The group is self-financing, through research development funds and donations, and is supported by the SNM who provide space for its meetings and administrative support for public lectures and international conferences. This support has culminated in the SIG holding nine meetings, facilitating three visiting professors’ visits, hosting 16 presentations and seven public lectures, and presenting the first SIG international spirituality in healthcare conference in the Republic of Ireland [1
], with a second such conference planned for 23 June 2016. Three meetings are held annually across three university semesters and SIG membership is maintained by attending at least one meeting per year. In keeping with community engagement approaches and the need to engage with and include public and patients’ perspectives, there is no requirement for participants to be health professionals. All tri-annual meetings are face to face. Each meeting so far has hosted 1–2 presentations by members on topics related to spirituality and/or spiritual care, followed by a structured meeting. Minutes for the meeting are recorded and circulated, and minute taking is rotational. An informal committee from the SNM plan and direct the meetings. The group is in its relative infancy and comprises members from various backgrounds (including psychology, social work, voluntary groups and medicine). While technologies are available that would facilitate virtual meetings, experience thus far demonstrates that members value the current format and there is good commitment to face-to-face meetings.
The group is situated within the “End of Life and Palliative Care in Malignancy and Non-Malignancy” research theme at the School [51
]. Since its inception, SIG membership has grown from 17 in 2013 to 36 in 2015. Initially, membership mostly comprised staff from the SNM (82%), but currently a slight majority (55%) of the membership come from external bodies. The SIG group have links with the Centre for Spirituality Studies, University of Hull, UK and also obtained membership of the British Association for the Study of Spirituality, UK. Several projects have been performed under the auspices of the group including the development of a four-hour educational package for nurses and other healthcare workers [6
], an audit of nursing textbooks [52
], and a systematic review of the Experience of Spirituality from the Perspective of People Living with Dementia [53
]. Members of the group have been involved in two European Committee of Science and Technology (COST) funding applications (2012 and 2014) related to the establishment of a European Spirituality Nursing and Midwifery Research Network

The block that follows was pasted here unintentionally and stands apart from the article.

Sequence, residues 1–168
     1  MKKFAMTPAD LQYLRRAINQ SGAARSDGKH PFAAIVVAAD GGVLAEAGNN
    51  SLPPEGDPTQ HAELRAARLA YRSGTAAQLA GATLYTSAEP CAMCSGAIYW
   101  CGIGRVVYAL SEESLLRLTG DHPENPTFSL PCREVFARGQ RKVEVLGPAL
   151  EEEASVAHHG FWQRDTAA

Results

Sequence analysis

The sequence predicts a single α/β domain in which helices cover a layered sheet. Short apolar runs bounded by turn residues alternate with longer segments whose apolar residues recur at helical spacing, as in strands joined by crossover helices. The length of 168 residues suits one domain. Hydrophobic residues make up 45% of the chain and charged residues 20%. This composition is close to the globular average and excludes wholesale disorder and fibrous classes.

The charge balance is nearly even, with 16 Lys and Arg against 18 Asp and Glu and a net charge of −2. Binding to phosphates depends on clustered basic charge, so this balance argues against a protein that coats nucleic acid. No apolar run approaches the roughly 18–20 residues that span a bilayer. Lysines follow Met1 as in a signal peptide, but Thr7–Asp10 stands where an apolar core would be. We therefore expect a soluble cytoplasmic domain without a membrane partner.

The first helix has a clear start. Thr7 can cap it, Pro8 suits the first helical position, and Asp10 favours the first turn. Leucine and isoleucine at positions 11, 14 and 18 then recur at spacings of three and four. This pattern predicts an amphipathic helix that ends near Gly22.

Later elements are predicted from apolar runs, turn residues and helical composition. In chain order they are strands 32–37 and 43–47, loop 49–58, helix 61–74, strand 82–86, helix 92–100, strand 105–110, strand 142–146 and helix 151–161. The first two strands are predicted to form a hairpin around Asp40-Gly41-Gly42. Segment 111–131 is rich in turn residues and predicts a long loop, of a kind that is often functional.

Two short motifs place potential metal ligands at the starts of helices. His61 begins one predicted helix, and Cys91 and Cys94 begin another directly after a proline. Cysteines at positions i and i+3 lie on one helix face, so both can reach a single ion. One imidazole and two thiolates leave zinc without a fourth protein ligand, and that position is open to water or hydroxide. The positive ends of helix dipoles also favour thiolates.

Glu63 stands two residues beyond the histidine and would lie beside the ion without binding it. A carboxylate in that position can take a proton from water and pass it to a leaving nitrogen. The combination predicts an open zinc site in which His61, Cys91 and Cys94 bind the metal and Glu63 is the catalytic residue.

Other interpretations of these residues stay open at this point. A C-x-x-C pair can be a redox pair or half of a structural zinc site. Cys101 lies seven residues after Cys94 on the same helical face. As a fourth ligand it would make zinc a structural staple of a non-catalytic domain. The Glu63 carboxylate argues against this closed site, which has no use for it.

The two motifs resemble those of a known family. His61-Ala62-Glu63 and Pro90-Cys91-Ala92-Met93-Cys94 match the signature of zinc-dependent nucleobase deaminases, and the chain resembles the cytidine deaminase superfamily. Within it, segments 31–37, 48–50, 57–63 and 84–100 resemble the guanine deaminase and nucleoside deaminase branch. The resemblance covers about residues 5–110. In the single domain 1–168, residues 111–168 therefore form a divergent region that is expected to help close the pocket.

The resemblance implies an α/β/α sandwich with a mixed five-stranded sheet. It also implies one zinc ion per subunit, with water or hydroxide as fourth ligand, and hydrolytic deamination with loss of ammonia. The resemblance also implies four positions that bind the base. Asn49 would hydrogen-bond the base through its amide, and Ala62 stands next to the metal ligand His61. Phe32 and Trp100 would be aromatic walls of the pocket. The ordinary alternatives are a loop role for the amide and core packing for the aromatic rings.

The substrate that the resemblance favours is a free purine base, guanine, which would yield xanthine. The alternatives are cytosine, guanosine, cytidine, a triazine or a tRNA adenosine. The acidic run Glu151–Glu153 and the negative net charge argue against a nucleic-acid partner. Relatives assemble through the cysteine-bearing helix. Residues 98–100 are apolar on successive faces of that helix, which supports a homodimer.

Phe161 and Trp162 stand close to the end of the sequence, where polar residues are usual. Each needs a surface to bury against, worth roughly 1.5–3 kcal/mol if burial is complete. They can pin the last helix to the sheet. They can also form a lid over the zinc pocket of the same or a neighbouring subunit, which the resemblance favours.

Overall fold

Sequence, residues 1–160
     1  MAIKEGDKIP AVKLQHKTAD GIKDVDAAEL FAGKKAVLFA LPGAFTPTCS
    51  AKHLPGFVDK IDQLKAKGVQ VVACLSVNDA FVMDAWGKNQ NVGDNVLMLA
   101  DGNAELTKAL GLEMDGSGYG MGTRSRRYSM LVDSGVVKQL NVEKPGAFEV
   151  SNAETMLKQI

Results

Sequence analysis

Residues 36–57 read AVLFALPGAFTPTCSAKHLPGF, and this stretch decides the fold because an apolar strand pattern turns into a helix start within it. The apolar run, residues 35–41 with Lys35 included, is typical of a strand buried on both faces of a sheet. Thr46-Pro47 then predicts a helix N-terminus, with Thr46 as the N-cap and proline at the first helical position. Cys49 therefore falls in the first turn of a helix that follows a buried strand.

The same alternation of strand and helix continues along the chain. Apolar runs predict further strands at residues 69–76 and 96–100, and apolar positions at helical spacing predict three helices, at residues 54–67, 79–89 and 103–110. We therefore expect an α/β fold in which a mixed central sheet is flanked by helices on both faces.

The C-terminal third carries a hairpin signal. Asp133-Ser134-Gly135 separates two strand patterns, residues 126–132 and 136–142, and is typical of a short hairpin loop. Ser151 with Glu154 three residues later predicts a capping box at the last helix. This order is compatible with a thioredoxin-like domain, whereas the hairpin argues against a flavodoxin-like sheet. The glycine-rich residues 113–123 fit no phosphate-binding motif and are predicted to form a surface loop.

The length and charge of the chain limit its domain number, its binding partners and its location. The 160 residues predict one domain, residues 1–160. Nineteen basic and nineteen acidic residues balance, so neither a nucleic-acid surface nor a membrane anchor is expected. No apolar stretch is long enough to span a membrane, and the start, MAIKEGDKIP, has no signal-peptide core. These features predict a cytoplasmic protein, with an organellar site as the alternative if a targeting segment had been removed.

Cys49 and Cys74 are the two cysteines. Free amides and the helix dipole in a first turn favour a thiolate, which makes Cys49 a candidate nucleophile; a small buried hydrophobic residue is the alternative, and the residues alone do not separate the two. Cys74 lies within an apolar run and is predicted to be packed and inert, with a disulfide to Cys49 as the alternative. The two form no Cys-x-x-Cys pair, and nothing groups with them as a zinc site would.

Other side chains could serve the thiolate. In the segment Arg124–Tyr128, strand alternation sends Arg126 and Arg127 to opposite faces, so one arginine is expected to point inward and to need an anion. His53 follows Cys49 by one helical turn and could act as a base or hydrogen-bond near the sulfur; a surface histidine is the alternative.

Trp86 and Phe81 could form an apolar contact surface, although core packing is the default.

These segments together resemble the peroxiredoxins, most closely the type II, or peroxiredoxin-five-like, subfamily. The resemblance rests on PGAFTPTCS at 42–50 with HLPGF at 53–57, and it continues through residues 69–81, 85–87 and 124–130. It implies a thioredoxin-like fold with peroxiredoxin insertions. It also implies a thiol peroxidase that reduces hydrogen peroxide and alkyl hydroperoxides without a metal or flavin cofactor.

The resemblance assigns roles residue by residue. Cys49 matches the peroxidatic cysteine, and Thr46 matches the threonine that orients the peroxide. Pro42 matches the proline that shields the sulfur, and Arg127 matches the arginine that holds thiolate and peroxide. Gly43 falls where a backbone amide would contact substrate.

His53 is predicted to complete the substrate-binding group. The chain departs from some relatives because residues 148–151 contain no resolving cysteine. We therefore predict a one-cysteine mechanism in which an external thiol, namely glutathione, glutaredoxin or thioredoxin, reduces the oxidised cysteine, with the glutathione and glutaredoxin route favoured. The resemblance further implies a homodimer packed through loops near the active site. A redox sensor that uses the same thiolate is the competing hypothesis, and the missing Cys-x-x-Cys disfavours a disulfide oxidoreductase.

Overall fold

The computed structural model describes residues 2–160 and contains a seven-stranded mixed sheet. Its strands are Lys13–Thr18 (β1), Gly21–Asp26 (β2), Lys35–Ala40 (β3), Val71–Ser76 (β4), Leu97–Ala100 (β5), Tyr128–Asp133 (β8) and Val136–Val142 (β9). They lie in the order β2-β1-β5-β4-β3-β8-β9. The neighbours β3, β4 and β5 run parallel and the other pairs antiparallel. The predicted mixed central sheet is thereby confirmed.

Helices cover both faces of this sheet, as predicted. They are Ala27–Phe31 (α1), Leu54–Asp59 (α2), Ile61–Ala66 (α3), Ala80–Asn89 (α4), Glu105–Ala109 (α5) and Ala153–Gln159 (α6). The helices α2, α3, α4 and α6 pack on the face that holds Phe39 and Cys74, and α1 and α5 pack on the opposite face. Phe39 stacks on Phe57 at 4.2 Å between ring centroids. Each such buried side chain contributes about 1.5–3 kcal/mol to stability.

led by Prof. Wilf McSherry [54
] to aid the scientific exploration and advancement of spirituality and spiritual care. SIG members are also represented on the ROI HSE Healthcare Chaplaincy Professional Advisory Council (Chaplaincy Council) [55
] and are currently undertaking a project entitled “An Exploration of Current Spiritual Care Resources in Health Care in the Republic of Ireland” [56
]. A few SIG members also exercise leadership roles in the European Centre for the Academic Study of Christian Spirituality, which is hosted at the University of Zurich, the International Society for the Study of Christian Spirituality, which is linked to the American Academy of Religion, and the newly created Spirituality Institute for Research and Education (SpIRE) in Ireland. The SIG has their own logo (Figure 1
), which was developed by one of the members (Lisa Fitzgerald) who drew on the group’s ideas for the design.
Consolidating agreed understandings of spirituality, spiritual care and also determining and agreeing to the groups’ aim were deemed necessary for the group’s progression. By developing agreed understandings of spirituality and spiritual care, the SIG hopes to be able to underpin both research and healthcare practice with a solid conceptual foundation. Without such clarity of key concepts there was concern that the group might lose focus or become distracted by peripheral issues. In July 2014, therefore, within six months of the group’s inauguration, the views of the group were sought.